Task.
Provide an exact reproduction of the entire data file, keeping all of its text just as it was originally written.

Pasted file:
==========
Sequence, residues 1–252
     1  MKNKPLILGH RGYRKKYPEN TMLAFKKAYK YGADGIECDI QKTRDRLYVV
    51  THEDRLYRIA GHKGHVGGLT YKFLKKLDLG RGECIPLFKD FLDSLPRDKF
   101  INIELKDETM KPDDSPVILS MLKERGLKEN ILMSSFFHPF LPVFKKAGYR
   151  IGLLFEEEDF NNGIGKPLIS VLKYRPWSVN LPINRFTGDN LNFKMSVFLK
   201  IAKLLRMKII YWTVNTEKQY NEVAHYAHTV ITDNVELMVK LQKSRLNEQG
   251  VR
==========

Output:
Sequence, residues 1–252
     1  MKNKPLILGH RGYRKKYPEN TMLAFKKAYK YGADGIECDI QKTRDRLYVV
    51  THEDRLYRIA GHKGHVGGLT YKFLKKLDLG RGECIPLFKD FLDSLPRDKF
   101  INIELKDETM KPDDSPVILS MLKERGLKEN ILMSSFFHPF LPVFKKAGYR
   151  IGLLFEEEDF NNGIGKPLIS VLKYRPWSVN LPINRFTGDN LNFKMSVFLK
   201  IAKLLRMKII YWTVNTEKQY NEVAHYAHTV ITDNVELMVK LQKSRLNEQG
   251  VR